Are they particularly well placed to work on Sino-Western relations? (Because they're better at bridging cultural (and linguistic) gap and are likely highly determined). Should we prioritize helping them somehow?

Hong Kong linkup is a organisation for Brits to help their HK peers settle in. If you'd like a way to get to know the community of new HK immigrants, it's probably a good option. I've signed up already. https://www.hklinkup.uk/

I would have thought they would be unusually badly placed, because the regime will view them as traitors, for the same reason I would not recommend using apostates for outreach to muslims. 

That was precisely my point actually—just like Hirsi Ali might be well-placed to advocate for women's rights within Islam, people from Hong Kong might be well placed to highlight e.g. human rights issues in China. 

Ahh, in that case I agree that HKers, or even better Uighurs, would be well placed. But my impression was that 80k etc.'s concerns about China mainly revolved around things like improving Western-Chinese coordination to reduce the risk of war, AI race or climate change, rather than human rights. I would think that putting pressure on them for human rights abuses would be likely to make this worse, as the CCP views such activism as an attack on their system. It is hard to cooperate with someone if they are denouncing you as evil and funding your dissidents.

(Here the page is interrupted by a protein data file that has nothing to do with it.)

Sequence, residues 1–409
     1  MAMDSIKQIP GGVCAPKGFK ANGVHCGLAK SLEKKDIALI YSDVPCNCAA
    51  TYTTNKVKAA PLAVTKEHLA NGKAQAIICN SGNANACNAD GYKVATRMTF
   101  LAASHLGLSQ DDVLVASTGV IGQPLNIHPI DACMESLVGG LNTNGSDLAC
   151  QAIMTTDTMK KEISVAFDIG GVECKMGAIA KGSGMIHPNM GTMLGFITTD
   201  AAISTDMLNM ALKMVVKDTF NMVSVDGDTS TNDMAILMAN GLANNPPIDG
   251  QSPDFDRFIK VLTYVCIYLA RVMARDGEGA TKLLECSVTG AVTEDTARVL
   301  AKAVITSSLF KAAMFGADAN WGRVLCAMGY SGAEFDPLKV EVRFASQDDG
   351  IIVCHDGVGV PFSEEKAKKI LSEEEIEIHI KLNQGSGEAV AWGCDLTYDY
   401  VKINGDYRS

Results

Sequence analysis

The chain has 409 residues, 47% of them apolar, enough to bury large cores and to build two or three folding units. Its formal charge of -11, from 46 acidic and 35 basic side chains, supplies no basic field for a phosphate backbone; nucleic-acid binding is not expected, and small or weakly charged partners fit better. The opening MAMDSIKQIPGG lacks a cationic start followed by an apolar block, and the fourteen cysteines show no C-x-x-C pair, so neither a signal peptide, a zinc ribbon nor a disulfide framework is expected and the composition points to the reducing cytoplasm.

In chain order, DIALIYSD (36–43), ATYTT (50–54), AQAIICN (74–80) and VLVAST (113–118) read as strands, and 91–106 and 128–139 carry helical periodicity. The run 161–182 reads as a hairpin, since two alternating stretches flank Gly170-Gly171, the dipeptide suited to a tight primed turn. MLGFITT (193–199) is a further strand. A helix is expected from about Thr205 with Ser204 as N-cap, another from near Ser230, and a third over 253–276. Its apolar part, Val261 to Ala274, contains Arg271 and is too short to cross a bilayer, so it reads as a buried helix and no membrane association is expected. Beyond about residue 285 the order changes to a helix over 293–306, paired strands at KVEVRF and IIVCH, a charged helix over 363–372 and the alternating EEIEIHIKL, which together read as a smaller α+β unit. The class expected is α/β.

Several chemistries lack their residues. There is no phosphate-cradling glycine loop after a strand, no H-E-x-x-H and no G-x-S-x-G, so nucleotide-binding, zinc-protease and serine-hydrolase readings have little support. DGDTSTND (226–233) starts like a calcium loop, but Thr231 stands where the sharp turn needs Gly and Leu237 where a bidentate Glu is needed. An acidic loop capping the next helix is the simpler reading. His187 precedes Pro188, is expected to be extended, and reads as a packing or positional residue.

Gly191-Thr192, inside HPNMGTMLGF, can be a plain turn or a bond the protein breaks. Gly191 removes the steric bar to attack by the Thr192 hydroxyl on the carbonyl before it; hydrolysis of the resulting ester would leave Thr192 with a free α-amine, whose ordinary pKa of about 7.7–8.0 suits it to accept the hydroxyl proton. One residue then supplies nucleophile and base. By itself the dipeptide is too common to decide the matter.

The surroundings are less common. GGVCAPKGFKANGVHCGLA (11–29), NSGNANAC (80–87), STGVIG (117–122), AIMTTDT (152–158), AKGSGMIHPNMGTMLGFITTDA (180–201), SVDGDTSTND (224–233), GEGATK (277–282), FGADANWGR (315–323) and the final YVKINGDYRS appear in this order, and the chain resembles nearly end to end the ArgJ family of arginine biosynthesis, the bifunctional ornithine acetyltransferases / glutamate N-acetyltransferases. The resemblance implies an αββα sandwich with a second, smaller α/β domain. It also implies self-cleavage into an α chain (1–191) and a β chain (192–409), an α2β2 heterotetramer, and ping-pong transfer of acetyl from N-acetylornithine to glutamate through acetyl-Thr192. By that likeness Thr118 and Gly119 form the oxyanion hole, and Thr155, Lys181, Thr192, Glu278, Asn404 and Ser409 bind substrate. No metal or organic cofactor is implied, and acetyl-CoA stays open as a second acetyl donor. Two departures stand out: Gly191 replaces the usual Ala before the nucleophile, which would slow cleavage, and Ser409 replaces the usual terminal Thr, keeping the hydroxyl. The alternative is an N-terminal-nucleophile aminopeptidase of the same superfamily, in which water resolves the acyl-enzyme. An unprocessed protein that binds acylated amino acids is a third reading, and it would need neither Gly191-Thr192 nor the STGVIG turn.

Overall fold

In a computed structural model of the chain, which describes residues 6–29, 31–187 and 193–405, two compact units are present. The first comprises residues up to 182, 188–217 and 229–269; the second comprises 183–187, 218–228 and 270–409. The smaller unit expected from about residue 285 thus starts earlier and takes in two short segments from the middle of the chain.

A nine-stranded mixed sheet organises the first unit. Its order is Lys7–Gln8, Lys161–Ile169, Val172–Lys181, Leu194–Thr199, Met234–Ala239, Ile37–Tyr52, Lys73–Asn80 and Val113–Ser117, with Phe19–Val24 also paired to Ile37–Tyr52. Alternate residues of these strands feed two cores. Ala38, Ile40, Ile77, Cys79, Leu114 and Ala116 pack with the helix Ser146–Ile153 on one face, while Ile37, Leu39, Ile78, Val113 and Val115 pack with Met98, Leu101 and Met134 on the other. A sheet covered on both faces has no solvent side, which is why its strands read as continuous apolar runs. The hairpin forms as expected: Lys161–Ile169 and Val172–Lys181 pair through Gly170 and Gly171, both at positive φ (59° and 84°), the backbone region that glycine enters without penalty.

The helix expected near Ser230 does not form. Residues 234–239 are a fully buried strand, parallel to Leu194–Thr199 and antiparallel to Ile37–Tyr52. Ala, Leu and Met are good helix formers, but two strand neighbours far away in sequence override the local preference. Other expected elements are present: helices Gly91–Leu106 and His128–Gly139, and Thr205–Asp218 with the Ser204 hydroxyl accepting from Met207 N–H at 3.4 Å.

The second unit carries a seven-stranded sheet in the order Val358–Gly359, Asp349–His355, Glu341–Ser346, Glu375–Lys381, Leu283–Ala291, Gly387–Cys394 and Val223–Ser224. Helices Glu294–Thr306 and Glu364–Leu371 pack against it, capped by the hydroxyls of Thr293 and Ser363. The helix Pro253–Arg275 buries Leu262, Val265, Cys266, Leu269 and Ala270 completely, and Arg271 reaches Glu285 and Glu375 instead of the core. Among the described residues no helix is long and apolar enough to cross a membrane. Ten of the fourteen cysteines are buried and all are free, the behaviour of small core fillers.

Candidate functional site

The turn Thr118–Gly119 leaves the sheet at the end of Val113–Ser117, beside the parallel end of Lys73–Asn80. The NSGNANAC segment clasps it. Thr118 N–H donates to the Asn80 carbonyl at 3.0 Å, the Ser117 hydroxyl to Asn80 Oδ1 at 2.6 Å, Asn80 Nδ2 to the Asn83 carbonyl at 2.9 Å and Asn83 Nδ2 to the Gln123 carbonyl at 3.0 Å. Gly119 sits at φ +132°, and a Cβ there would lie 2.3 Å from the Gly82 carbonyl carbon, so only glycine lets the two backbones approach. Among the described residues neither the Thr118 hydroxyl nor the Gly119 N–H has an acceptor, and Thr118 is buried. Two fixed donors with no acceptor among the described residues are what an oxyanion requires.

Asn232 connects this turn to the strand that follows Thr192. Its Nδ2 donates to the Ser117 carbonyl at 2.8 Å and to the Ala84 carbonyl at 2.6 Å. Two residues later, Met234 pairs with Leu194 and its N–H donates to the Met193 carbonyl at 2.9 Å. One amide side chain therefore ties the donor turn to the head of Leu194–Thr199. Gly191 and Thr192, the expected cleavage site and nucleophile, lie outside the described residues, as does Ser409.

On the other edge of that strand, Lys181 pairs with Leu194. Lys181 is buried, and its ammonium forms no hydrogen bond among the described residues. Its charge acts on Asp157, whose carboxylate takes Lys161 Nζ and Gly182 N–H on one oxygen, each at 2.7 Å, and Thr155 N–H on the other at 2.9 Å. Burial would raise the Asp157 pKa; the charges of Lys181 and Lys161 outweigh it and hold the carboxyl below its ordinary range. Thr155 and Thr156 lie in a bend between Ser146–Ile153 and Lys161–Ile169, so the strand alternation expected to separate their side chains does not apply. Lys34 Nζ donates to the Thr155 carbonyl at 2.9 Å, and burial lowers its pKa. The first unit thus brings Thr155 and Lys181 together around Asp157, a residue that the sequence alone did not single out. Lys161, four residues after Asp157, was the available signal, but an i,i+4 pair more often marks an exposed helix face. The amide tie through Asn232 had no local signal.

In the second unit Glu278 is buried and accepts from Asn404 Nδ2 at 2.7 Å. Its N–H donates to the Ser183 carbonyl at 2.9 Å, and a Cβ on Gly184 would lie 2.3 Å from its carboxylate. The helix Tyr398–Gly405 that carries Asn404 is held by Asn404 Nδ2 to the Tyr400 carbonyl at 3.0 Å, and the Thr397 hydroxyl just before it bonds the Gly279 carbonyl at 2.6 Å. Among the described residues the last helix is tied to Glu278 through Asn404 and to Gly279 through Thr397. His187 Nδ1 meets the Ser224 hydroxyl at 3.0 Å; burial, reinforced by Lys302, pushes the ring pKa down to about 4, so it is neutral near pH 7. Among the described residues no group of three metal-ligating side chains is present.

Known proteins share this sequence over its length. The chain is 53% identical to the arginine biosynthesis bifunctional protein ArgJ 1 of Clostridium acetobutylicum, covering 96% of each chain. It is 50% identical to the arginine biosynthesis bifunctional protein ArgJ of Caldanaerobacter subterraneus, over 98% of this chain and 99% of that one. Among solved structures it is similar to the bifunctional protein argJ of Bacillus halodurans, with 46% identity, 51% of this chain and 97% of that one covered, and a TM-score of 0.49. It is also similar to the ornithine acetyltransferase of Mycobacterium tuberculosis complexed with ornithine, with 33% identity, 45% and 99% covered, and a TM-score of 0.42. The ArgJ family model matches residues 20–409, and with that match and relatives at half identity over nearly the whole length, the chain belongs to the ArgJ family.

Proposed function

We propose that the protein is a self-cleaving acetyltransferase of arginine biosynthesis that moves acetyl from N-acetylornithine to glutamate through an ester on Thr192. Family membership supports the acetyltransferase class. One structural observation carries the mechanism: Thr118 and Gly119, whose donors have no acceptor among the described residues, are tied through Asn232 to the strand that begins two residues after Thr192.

Working on human rights were just an example, because of the comparison you raised,  it could also be CSET type work.